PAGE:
A Losing Battle: Apartheid Priorities versus HIV/AIDS
“When will the day come that our dignity will be fully restored, when the purpose of our lives will no longer be merely to survive until the sun rises tomorrow!”
– Thabo Mbeki, ANC leader and President of South Africa (1999 – 2008) (Mngomezulu, 2013)
During apartheid, the ruling National Party government in South Africa was bent on maintaining unequal resource distribution, international isolationism, and racial division. As such, when HIV/AIDS hit the country in 1982, the social and political cohesion required to battle the disease was absent (Hoad et al., 2005). While AIDS was first identified in 1981, the South African government did not mobilize a comprehensive response until 1992 – a full 11 years later (Fassin, 2007). In the meantime, politicians relied on repressive legislation to control the disease threat. Laws criminalizing sex work, homosexuality, and interracial sex drove those already at the fringes of society, those most at risk, further into the shadows (Hoad et al., 2005). For some time, official policy was to quarantine suspected HIV cases, amplifying the stigma, fear, and misinformation surrounding the epidemic (Read et al., 2006).
Additionally, the state shunned authentic educational interventions that sought to reduce sexually risky behavior in favor of biomedical approaches utterly ignorant of the social determinants of health (Fassin, 2007). Under apartheid, South Africa busied itself with establishing different organizations and committees – the AIDS Advisory Group (AAG) in 1985 and the AIDS Virus Research Unit (AVRU) in 1987 – focused on pinpointing whom the virus was infecting, rather than on developing ways to prevent the disease’s spread (Fassin, 2007). Finally, in 1992, the National AIDS Research Programme was created to investigate the sociopolitical factors, such as income level and access to HIV counseling, which predisposed South Africans to HIV/AIDS (Fassin, 2007). By then, anti-apartheid representatives of the African National Congress (ANC) had been pushing for action for years, formalizing their outcry in the 1990 Maputo Statement, a document recognizing the desperate need for enlightened HIV prevention in South Africa and throughout the African continent (Schneider & Stein, 2001). This impassioned plea, coming as it did from black and brown voices, did little to sway the priorities of the pro-Afrikaner state. To the contrary, there is evidence that conservatives embraced HIV/AIDS as a way to make “the black population…a minority” so that white supremacy could proceed unchallenged (Schneider & Stein, 2001). Even after the rise of the ANC, this legacy of apartheid rhetoric haunted intervention efforts.
For many in the black South African community, HIV/AIDS represented a genocidal attempt to prevent them from having sex and therefore from having children (Fourie & Meyer, 2010): AIDS was the “Afrikaner Invention to Deprive [them] of Sex” (Lindauer 2003). HIV/AIDS denialism also became a way to dispute typically white scientific hegemony in favor of “African solutions” (Fourie & Meyer, 2010). After all, the narrative constructed by the West, which implicated Africans in “the original transmission of HIV from African animals to humans”, was reminiscent of apartheid era notions of Africans as a primitive people who communed with beasts (Lindauer, 2003). South African president, Thabo Mbeki, in an attempt to counter what he saw as a resurgence of racialized science, proposed that the poverty, malnutrition, and separation caused by apartheid and Western exploitation were instead responsible for the epidemic (Fassin, 2007; Fourie & Meyer, 2010). Of course, to some extent, Mbeki was right: living with isolation and sexual abuse had put non-white South Africans at greater risk of acquiring the virus. Where he went wrong was in rejecting the essential science of HIV, denying that HIV led to AIDS and dismissing antiretrovirals (ARVs) as a Western plot to kill black South Africans (Fourie & Meyer, 2010). In his zeal to avoid separateness, to prevent the revival of apartheid era segregation and blame as in past outbreaks, Mbeki ended up strengthening stereotypes about black ignorance and fear of technology (Fassin, 2007).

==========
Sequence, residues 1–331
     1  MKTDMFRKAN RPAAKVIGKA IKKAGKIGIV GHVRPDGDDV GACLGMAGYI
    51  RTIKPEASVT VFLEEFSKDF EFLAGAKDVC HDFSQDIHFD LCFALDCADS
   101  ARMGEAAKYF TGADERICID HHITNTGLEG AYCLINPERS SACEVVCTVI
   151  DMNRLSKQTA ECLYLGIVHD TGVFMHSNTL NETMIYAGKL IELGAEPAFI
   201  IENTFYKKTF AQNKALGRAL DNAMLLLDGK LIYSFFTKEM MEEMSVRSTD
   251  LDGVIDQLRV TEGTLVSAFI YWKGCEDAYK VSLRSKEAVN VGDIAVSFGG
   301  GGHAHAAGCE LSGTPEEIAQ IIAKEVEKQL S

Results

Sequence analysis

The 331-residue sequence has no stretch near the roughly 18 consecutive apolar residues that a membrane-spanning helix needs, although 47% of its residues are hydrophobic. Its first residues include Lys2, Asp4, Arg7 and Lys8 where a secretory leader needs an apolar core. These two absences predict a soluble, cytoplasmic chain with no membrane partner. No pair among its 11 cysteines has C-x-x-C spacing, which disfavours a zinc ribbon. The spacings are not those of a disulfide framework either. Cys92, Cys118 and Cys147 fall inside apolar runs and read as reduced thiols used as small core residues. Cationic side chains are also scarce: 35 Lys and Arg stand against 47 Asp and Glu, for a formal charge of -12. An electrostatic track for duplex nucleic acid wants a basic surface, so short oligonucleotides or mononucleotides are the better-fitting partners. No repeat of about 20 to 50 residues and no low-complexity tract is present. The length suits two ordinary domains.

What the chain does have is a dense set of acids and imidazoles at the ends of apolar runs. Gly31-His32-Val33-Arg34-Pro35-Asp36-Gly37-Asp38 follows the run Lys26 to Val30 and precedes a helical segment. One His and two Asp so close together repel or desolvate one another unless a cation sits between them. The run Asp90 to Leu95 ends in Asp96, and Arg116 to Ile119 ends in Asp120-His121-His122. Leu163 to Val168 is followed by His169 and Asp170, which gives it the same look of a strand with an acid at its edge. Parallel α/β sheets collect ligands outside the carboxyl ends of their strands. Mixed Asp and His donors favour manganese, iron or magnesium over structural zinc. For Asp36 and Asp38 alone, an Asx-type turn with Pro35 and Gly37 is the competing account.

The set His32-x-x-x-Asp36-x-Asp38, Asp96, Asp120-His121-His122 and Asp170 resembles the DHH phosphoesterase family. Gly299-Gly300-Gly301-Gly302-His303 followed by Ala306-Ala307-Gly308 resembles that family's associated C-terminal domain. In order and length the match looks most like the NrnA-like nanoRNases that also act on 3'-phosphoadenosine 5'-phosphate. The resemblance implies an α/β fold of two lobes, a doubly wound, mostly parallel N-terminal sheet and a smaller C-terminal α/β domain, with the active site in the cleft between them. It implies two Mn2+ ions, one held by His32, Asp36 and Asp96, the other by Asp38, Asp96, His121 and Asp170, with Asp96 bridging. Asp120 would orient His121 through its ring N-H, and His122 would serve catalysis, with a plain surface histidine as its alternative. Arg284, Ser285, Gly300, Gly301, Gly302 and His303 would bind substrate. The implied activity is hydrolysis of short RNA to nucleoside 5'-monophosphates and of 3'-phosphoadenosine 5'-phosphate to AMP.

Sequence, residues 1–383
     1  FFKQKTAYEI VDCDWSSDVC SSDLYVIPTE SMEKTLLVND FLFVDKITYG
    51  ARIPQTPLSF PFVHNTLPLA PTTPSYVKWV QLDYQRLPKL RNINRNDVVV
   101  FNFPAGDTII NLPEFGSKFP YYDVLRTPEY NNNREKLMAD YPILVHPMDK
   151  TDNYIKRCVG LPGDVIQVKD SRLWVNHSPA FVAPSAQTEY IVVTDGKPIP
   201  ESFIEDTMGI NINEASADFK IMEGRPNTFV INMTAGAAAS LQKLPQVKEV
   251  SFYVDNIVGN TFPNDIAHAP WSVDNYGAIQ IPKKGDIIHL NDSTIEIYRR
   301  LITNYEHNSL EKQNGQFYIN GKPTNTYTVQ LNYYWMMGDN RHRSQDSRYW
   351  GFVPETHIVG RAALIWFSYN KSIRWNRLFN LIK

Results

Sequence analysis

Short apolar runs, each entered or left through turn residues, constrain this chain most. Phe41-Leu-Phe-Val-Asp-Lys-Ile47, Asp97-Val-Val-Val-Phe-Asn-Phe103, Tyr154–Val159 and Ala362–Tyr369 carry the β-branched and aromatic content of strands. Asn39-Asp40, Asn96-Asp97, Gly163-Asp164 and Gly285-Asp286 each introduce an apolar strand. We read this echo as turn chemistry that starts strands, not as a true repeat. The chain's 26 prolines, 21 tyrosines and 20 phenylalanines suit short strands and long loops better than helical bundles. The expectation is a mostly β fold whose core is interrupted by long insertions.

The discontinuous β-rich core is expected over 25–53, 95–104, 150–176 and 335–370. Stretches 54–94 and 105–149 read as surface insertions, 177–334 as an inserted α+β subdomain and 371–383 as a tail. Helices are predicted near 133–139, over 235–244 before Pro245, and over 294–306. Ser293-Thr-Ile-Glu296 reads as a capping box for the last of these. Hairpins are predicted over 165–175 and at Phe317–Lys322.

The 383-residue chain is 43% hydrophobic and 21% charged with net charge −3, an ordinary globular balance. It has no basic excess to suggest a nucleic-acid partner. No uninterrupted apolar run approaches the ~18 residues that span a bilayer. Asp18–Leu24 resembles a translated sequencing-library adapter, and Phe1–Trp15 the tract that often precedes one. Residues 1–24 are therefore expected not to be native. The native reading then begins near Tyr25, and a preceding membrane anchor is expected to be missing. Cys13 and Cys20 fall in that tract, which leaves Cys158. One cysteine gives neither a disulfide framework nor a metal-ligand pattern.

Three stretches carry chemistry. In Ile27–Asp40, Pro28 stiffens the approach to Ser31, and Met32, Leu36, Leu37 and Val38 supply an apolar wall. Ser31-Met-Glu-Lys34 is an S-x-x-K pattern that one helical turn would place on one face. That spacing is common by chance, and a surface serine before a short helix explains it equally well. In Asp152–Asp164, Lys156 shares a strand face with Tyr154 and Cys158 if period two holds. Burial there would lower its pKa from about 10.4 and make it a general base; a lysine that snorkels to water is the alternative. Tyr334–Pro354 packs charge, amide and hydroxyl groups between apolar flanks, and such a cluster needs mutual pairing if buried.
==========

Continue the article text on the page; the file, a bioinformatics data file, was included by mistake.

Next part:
For the mentally ill, the South African strategy of inaction, stigmatization, and denialism did not bode well. Common mental disorders such as depression, post-traumatic stress disorder, and substance abuse were already associated with high risk sexual behavior and sexually transmitted disease (Collins et al., 2006). In the setting of the crumbling, sexually volatile mental health institution, these vulnerabilities were magnified many times over. Unsanitary conditions inside the mental hospitals compromised the immune systems of patients, while unprotected sex with multiple partners – whether with medical staff or other patients – made the mentally ill easy targets for HIV/AIDS (Lambley, 1980). The social isolation that patients experienced in these institutions, within an already segregated society, further increased their susceptibility to sexual coercion (Collins et al., 2006). Moreover, the absence of ARVs, reliable HIV testing, and medical knowledge about the virus meant that the mentally ill could not receive treatment even while living in a medicalized environment (Fassin, 2007).